Women in resistance - Interview with Dr Helen Kijo Bisimba

Press release

Dr Helen Kijo Bisimba is the Director of the Legal and Human Rights Center (LHRC), FIDH member in Tanzania

Photo : Sameer Kermalli

Tell us about your professional highlights
Having worked at LHRC for 18 years, this is a career highlight, as I was picked to lead this organization at its inception. Over the years we have been able to empower Tanzanians to know a their rights, assert their rights and speak out for their and other peoples rights. Civil Society wasn’t known much and we found that people in the villages were not aware of their rights. The organisation I lead is now one of the leading human rights organisation in the country. The programs I started have changed the situation from ignorance to assertion of rights.Humarights is now a household word. Now we have monitors in all districts following all human rights issues and paralegals in twenty eight districts. Further more, we advocated for labour matters and today we have new laws governing this. We have been providing legal aid and currently land matters have flared up since we started inviting investors. So in short, my career highlights are about advocacy for change in terms of policy, laws and practice.

What challenges have you faced when becoming a leading woman?
There was a time when the community did not perceive women as the correct gender to become leaders and this was disheartening initially. They would ask “where did you learn to talk like a man?”

Doing what I am doing we go against the status quo and naturally the government brands you as partisans for the opposition parties. There was a time a district commissioner called to say, “You’re waging a war.”

We have become vocal and don’t spare no quarters. We have recently taken the PM to court over things that he said. One of our parliamentary watch staff was told once that the director general of LHRC is ‘hated’. Social responsibility is not easy.

The hardest is probably when you start questioning what you are doing. People at home and neighbors begin worrying about your safety and give examples of people being kidnapped and tortured or killed because they ask questions. It makes you wonder if you’re doing the right thing.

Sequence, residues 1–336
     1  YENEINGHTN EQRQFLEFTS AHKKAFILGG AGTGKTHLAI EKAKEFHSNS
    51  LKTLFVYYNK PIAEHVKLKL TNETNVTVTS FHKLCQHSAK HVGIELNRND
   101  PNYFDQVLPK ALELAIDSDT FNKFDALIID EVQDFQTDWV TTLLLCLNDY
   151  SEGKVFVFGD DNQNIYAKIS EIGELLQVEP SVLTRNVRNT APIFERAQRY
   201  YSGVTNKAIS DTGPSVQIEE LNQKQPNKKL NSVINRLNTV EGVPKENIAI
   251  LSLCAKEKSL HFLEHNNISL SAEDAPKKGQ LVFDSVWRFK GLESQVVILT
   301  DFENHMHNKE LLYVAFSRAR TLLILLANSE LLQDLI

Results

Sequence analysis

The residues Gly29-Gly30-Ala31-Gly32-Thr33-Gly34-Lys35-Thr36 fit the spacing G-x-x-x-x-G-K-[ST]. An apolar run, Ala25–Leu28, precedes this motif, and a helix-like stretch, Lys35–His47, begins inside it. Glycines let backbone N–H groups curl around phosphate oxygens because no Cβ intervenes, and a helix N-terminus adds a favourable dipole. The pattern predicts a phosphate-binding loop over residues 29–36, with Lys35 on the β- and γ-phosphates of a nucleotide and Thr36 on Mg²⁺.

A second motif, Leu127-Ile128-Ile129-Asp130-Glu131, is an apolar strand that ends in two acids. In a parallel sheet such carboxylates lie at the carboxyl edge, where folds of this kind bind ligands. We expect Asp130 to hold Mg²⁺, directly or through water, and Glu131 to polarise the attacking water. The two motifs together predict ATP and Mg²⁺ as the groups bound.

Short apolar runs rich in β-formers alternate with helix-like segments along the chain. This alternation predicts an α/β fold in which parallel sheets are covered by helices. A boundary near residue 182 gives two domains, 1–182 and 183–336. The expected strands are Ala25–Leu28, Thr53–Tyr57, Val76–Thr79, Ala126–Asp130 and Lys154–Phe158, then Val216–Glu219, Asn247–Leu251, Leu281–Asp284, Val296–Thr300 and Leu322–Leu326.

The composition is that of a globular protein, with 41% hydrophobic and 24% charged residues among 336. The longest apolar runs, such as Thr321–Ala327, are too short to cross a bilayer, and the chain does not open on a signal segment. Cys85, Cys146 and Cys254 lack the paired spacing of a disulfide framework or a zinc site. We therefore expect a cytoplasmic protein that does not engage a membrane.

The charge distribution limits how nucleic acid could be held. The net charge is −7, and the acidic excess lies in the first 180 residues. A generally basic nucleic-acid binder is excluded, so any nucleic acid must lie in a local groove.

What is your greatest success?
I personally had to intervene in a situation of 3 masai girls aged around 13 who had run from home, escaping FGM. It was sad as the parents didn’t know that it is against the law, the police didn’t either and couldn’t enforce the law. Sadly even the pastor who gave them sanctuary was beaten and charged with abducting the girls. The girls were returned and married away. We didn’t give up, and got permission for a private prosecution and took the parents to court. Fearing their parents would go to jail the girls decided not to testify. The positive side is that the parents understood their mistake and now we have them going around as pro anti-FGM ambassadors.

How are you perceived in your community?
Now it’s changing. There was a time they would say you are like a man, or call you “Iron lady.” Now you will see that several organizations that are running smoothly are being lead by women. The founders of LHRC took a chance with me 18 years ago, and I have kept my end of the promise.

A word for women inspired to take a leadership path
Know what you want, our upbringing and culture may not allow it but don’t despair. Follow your dreams! I did my doctorate at 53, there is no end to success as a woman, all you have to do is strive while believing.

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